Infographic: Highlights in the Winter Sky from December to February

The cold has set upon much of the northern hemisphere, but the warmth in our homes, with chimney smoke above, is comforting.  Outside in the cold, starry and clear winter nights bring us some of the most wonderful stars.  Who can really be unimpressed by Orion?  So, what kind of interesting things can you see this winter?  The new infographic “Winter Astronomy Highlights” can show you everything you need to know at a glance, what is going on from December to February.

13th – 14th December: Geminids

If you happen across a clear sky tonight, have a look to the south.  The peak of Geminids meteor shower, originating from the constellation Gemini – or more precisely, from an area two degrees above the star Pollux, will take place between 9 PM and the morning hours.  You can expect around 120 meteors per hour, making the Geminids one of the more active meteor showers.  The Moon will abound tonight, however.  Despite it drowning out some of the fainter meteors, the event should be something to behold!

21st December: Winter Solstice

Every year on the 21st or 22nd of December, we get to experience the shortest day and the longest night of the year.  This year, on the 21st, Winter officially begins and the Sun will set quite early in the northern hemisphere based on your latitude.  With the night lasting approximately  12 hours, such an event could be an astronomer’s dream and give anyone the chance to stare up into the heavens for extended periods of time.

22nd December: A Lunar Meeting with Jupiter 

In the morning hours, a crescent Moon lit at 30% will encounter the gas giant Jupiter.Around 2:30 AM both celestial bodies will be found just above the eastern horizon, appearing about 4 degrees away from one another.

3rd January: Quadrantids

The next meteor shower, the quadrantids, are already coming in our direction.  The meteor show originates from the constellation Bootes and you can expect around 120 per hour in the night sky.  During the morning hours of the 2nd and 3rd, you will have the best chance to have an enjoyable night!

3rd January: Conjunction of the Moon, Mars and Venus

In the evening dusk, the Moon, Mars and Venus will provide an splendid sight.  Around the late afternoon, have a look into the southwest, where you will see the three appear in a string of lights, woven into the constellation Aquarius.  Of interest are the various phases of the Moon and Venus, as the second planet will be illuminated at 55%, something easily discernable with a telescope.

6th January: ISS Rolls Past Vega

Seeing a fast moving bright object in the night sky is oft surprising, yet fascinating.  What you may be seeing is the ISS and is a not-so-rare occurance.  However, on the 6th of January the ISS will roll closely past the star Vega, making it an interesting experience for observers and astrophotographers alike!

13th January: Venus and Neptune at Dusk

Venus along with the distant and exotic planet, Neptune, will be found in the constellation Aquarius.  In the evening of the 13th of January, Venus will roll past Neptune just to the north.  At a distance of approximately one Moon’s diameter, the sight is one to behold if you have binoculars or a telescope with even a small magnification.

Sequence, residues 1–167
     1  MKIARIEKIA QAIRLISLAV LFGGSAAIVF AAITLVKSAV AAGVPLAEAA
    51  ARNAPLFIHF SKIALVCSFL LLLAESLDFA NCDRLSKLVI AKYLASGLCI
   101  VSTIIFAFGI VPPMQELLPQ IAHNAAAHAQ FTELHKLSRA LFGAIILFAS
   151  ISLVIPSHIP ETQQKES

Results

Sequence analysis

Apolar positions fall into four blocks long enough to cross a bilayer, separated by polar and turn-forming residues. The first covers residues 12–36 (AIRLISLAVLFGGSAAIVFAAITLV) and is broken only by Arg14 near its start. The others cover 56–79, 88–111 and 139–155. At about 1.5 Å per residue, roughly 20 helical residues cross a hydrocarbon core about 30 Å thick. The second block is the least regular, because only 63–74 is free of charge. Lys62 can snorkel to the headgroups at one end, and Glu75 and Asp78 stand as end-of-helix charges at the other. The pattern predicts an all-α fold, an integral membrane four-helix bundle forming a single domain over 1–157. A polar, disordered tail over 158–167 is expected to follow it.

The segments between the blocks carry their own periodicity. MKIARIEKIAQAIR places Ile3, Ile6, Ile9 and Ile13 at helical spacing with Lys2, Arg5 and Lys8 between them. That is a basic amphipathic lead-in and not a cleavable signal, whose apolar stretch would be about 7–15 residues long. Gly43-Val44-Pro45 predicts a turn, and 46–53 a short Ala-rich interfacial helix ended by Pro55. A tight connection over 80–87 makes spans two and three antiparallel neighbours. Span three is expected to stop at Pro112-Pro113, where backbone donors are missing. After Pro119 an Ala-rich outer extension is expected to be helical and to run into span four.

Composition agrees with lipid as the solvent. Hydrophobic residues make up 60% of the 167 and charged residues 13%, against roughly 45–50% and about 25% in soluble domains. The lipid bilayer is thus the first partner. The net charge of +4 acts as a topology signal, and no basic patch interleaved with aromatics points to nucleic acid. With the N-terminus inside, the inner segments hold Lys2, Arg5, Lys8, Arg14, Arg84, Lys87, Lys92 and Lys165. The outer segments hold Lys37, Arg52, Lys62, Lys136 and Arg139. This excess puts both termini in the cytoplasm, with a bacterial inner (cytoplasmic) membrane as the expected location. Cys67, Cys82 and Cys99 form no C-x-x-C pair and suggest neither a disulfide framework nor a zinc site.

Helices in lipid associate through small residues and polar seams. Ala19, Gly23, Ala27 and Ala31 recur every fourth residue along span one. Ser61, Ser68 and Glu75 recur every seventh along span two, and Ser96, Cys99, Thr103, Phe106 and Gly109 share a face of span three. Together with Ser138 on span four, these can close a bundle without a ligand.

18th January: Minor Planet Vesta at Opposition

Stars, Planets and Nebulae.  There is of course more to the universe, such as minor planets.  Vesta, the 2nd largest asteroid in the solar system, will be found at opposition, meaning that it will be visible throughout the night after reaching its brightest appearance.  With 6,2 mag, you will be able to see it with the naked eye in an extremely dark night sky.  Binos and telescopes will be a great accessory to have as well!  Given that a minor planet is difficult to differentiate from a star, you will need a star chart in order to find Vesta.

24th January: Jupiter’s Encounter with Spica

From the 24th of January, both Jupiter and Spica will be in close proximity and found within the constellation Virgo.

25th January: Conjunction of the Moon, Mercury and Saturn

Around 7 Am in the Morning, the Moon and Mercury will appear near the eastern horizon – a special sight indeed!  As the Moon will only be illuminated at 3%, Saturn can be found close by, just above the constellation Ophiucus.

1st February: Moon, Mars and Venus

Above the southwestern horizon, Mars and Venus will be visible.  Tonight, the Moon will make good company, creating a string in the night sky between Pisces and Cetus.  The Moon will be a waxing sickle, with Uranus far above it, glittering in the darkness.  With so many interesting objects to see, the evening can only be galactically good.

5th February: Moon Encounters Aldebaran 

The giant red Aldebaran will rule the constellation Taurus, and this evening encounter a waxing Moon.  The two will be separated at about 15 degrees.

7th February: Comet 45P/Honda-Mrkos-Pajdusakova

Once again, we can witness a bright comet.  45P/Honda-Mrkos-Pajdusakova (short: Honda) will wander through the constellations Aquila, Ophiuchus, Hercules, the Northern Crown and Boötes.  Around 3 AM, the comet will appear with a 7.8 mag, making it a fantastic object for binoculars.  Throughout February, it will continue along its path, while the brightness will sink significantly.

21st February: Mond Encounters Saturn

Just before Sun-up, the waning Moon sickle and Saturn will make a nice pair, making it worth a gander for all those early birds.

26th February: Mars Encounters Uranus

Shortly before month’s end, Mars and Uranus will shake hands.  Both will be visible in the western sky near Pisces.  Uranus will be only a single degree northwest of Mars.  With a new Moon, the night is quite promising for intense observers.

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Clear skies!